Each Wednesday throughout the Stanley Cup Playoffs, Kevin Weekes will be offering his pluses and minuses for the teams competing in the game that intrigues him most that night. Weekes will also be assisting fans with three must-watch elements of the game.
Game 7. Two of the best words in the English language.
That's what we have Wednesday when the Nashville Predators visit the Anaheim Ducks. The final spot in the second round of the Stanley Cup Playoffs is up for grabs with the winner playing the San Jose Sharks, and being one step closer to the Stanley Cup.
The Predators won the first two games of the series on the road but then lost the next three before winning Game 6 on Monday. It will be the first Game 7 in their history.
The Ducks, meanwhile, are no strangers to Game 7s. They have been eliminated at home in each of the past three postseasons in a Game 7 and hope that trend ends. One team will move on, and the other will go home when the Predators visit the Ducks at Honda Center on Wednesday (10 p.m. ET; NBCSN, TVA Sports, SN, FS-TN, FS-W).
Video: ANA@NSH, Gm6: Weber seals win with empty-netter
Here's my breakdown of the game:
Pluses: Nashville has the highest scoring defense in the NHL. Mattias Ekholm and Shea Weber each had goals in a 3-1 win in Game 6. Four of the Predators' 12 goals in the series have been scored by defenseman. Weber has four points, Ekholm has two goals, Roman Josi has three points, and Ryan Ellis has two assists. Their defense is very active and they can generate offense from all three zones.
Ryan Johansen has been a great addition for the Predators. He made a great play to set up the eventual game-winning goal by James Neal in the second period of Game 6. He made five shoulder checks on his way up the ice before hitting Neal for the goal. Johansen has helped the Predators spread out their lines because now they have him as the No. 1 center, Mike Ribeiro as the No. 2 and Mike Fisher as the No. 3. Now they can attack, which has helped take them to the next level this season.
Video: ANA@NSH, Gm6: Rinne stops Horcoff's slap shot
We can't forget about Pekka Rinne. He made 26 saves in Game 6 and had great rebound control and good timing. His reads were strong and he played a clean game. That is the Rinne we have seen in seasons past.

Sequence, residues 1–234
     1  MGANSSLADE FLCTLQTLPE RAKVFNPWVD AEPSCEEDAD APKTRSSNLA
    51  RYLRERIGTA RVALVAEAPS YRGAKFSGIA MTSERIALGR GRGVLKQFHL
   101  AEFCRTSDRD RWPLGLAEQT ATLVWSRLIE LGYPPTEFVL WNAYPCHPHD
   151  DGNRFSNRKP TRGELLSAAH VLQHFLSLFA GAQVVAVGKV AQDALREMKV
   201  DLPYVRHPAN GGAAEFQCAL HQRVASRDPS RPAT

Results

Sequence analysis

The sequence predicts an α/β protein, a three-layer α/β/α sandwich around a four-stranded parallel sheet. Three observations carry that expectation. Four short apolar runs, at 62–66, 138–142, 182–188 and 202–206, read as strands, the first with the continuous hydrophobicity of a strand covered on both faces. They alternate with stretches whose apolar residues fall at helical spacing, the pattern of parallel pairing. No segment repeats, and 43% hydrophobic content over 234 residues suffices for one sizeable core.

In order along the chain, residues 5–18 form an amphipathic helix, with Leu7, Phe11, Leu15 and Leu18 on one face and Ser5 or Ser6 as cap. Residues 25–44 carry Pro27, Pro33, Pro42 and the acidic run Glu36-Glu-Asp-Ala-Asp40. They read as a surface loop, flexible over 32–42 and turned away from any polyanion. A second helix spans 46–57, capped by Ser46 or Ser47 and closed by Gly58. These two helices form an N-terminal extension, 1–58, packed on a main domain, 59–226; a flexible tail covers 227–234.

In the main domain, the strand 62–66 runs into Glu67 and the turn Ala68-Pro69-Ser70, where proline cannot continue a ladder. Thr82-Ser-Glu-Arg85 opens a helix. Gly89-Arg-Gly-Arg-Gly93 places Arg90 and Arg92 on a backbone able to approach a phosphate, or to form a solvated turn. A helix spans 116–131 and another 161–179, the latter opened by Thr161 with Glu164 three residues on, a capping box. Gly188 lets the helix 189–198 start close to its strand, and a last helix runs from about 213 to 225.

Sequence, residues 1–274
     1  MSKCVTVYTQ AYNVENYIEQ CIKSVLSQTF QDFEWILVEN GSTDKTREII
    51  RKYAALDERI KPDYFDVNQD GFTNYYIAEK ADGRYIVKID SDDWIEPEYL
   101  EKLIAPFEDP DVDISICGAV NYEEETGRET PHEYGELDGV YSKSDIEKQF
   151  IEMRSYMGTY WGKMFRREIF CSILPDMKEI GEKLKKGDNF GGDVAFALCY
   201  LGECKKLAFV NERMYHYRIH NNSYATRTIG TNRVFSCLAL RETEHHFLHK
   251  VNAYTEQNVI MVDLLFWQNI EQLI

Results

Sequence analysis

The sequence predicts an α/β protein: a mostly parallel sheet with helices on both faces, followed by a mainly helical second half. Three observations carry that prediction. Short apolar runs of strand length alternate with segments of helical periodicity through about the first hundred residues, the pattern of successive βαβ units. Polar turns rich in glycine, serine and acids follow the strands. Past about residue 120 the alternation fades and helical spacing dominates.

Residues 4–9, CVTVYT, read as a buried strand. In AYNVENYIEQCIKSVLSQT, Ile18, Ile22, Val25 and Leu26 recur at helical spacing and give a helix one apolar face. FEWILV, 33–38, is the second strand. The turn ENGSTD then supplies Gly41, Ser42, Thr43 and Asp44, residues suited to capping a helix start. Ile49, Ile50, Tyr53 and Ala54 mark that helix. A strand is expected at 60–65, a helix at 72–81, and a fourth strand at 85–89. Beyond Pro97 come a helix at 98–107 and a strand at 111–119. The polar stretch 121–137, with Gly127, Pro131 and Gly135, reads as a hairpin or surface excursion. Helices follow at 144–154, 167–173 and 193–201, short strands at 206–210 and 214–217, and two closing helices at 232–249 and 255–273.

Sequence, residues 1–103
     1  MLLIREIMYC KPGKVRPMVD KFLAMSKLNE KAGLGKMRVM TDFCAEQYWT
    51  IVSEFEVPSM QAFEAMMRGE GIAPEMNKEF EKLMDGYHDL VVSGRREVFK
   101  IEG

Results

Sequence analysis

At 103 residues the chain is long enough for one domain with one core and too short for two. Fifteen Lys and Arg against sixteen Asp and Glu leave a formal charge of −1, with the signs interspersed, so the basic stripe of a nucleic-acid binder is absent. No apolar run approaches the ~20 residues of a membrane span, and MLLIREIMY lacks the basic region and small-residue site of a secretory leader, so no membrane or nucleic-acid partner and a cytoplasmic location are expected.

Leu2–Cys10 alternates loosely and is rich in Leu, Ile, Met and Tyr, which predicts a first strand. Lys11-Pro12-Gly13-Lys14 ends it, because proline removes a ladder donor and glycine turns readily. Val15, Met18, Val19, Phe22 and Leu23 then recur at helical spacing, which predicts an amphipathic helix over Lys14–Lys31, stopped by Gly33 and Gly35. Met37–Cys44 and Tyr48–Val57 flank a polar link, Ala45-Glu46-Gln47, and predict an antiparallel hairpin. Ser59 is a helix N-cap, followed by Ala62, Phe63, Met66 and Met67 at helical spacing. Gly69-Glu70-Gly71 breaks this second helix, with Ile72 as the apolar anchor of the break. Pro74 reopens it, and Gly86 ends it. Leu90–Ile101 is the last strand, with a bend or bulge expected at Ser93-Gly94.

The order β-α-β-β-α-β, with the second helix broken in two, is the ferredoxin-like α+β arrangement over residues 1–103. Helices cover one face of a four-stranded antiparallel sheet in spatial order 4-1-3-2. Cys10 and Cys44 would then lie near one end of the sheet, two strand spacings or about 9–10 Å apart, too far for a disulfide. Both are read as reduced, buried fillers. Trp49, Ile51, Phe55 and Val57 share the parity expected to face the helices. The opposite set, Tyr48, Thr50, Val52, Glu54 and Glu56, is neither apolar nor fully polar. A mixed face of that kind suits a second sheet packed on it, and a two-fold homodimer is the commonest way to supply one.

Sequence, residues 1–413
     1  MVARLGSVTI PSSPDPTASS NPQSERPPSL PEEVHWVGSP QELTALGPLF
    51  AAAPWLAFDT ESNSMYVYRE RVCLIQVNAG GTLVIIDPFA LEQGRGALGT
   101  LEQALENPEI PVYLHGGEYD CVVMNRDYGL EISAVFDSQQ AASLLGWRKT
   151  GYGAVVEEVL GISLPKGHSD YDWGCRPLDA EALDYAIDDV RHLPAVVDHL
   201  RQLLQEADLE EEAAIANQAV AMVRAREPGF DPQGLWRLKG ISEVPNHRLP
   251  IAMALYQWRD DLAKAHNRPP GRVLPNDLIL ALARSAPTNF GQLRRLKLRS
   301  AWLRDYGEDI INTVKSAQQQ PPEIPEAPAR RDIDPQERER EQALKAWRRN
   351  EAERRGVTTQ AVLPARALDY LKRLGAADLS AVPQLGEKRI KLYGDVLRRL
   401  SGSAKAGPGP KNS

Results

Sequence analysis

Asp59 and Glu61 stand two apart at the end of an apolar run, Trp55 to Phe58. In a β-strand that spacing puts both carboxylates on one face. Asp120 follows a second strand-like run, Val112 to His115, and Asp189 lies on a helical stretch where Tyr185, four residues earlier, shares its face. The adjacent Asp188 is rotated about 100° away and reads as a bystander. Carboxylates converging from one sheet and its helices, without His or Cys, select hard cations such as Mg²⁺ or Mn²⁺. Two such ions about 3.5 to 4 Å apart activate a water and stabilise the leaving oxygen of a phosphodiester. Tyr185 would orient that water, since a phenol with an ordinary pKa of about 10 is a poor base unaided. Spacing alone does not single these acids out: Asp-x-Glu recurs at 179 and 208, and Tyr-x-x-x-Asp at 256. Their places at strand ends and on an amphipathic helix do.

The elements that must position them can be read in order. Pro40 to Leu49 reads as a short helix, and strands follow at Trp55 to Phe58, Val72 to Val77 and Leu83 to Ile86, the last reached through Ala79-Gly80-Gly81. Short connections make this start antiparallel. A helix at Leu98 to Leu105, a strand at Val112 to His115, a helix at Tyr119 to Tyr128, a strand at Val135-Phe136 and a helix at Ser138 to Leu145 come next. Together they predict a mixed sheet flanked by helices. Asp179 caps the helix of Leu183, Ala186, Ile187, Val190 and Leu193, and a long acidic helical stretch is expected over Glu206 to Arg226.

Minuses: A challenge for the Predators is sometimes they don't always play with the energy and speed that they have and that they need to play with under coach Peter Laviolette. For example, when they lost three straight games, they didn't play like themselves. The Predators had a 2-0 series lead but lost the next three, scoring a combined three goals, including one in two games at home, when they could have put a stranglehold on the series. They need to play up-tempo and with speed, and be aggressive offensively and defensively.
Another thing about the Predators is sometimes they lose their identity. Are they a team that should attack, even though they've always been a defense-first team?
Speaking of defense, they rely too heavily on their defensemen for scoring. Nashville got 55 goals from their defense during the regular season, which accounted for 24.6 percent of its team total. The players on the back end try to make plays and be offensive, but they need more from their forwards.
Pluses: After starting and losing the first two games of the series with goalie John Gibson, the Ducks turned to Frederik Andersen, who has won three of four. He's allowed five goals in the four games and gotten them back in the series. Including the regular season, Andersen is 20-2-2 in his past 24 decisions.
Video: NSH@ANA, Gm1: Cogliano finds Kesler for the lead
Ryan Kesler is back to the way he can play and the way the Ducks expect him to play. He's still not going to give you the high-end offense that others provide, but in many ways he's been what they hoped for since they acquired him. He's good for matchups, can score goals and is strong in the faceoff circle.
Anaheim's role players have been outstanding. Whether it's been Jamie McGinn, Chris Stewart or Nate Thompson, all of them are skilled and the Ducks have done a good job of assembling a roster of so many depth players who can make plays.
Minuses: Will the Ducks rewrite the script from Game 7? They have gone 0-7 in their past seven Game 6s and 7s, including losing Game 7 at home in each of the past three seasons. Last year, they were a win away from the Stanley Cup Final but couldn't close it out at home against the Chicago Blackhawks. Forward David Perron said this is a new Ducks team with several new players, but let's see if the result is different.
Sometimes it takes the Ducks a while to get into the game. They don't always start the game on time and lean on Andersen or Gibson too often. The Blackhawks are the same way, but they have had the pedigree and have shown they can overcome deficits in the regular season and playoffs. The Ducks wait and wait and wait. It's like they're a cat toying with a mouse, but they don't always end up catching their opponents when they've trailed early.
Video: ANA@NSH, Gm6: Rinne denies Perry in front
Corey Perry had 34 goals in the regular season but has none in six playoff games. That's inexcusable and the Ducks will be hard-pressed to win Game 7 if he doesn't score. Even with so much depth scoring, the Ducks will need contributions from Perry and Ryan Getzlaf.
THREE THINGS TO WATCH
1. Do the Ducks start on time? If not, they could be in trouble.
2. Do the Predators play with their speed and attack game? A fast start on the road will be important for them.
3. Who will be better, Andersen or Rinne? Each has shown flashes of brilliance in the series.